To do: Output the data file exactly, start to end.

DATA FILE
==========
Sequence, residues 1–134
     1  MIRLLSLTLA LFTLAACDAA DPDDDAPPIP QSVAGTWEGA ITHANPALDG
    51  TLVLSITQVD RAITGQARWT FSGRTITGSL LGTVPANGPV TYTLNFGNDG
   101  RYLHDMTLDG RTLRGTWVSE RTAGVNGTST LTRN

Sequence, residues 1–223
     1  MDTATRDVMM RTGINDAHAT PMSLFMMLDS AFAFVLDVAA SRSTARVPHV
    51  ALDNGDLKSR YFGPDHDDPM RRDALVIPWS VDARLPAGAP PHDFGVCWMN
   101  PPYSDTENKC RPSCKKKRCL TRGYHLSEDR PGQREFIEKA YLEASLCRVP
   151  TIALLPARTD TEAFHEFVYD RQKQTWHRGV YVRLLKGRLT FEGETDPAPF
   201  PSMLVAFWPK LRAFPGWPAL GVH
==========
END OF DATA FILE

Sequence, residues 1–134
     1  MIRLLSLTLA LFTLAACDAA DPDDDAPPIP QSVAGTWEGA ITHANPALDG
    51  TLVLSITQVD RAITGQARWT FSGRTITGSL LGTVPANGPV TYTLNFGNDG
   101  RYLHDMTLDG RTLRGTWVSE RTAGVNGTST LTRN

Sequence, residues 1–223
     1  MDTATRDVMM RTGINDAHAT PMSLFMMLDS AFAFVLDVAA SRSTARVPHV
    51  ALDNGDLKSR YFGPDHDDPM RRDALVIPWS VDARLPAGAP PHDFGVCWMN
   101  PPYSDTENKC RPSCKKKRCL TRGYHLSEDR PGQREFIEKA YLEASLCRVP
   151  TIALLPARTD TEAFHEFVYD RQKQTWHRGV YVRLLKGRLT FEGETDPAPF
   201  PSMLVAFWPK LRAFPGWPAL GVH